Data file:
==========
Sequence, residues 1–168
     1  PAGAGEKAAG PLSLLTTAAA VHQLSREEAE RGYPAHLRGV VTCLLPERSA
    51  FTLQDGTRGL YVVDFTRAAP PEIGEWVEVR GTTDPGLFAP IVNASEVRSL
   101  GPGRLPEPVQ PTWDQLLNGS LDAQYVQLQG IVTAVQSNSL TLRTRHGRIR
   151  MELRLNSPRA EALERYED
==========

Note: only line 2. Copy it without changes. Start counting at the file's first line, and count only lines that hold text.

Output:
     1  PAGAGEKAAG PLSLLTTAAA VHQLSREEAE RGYPAHLRGV VTCLLPERSA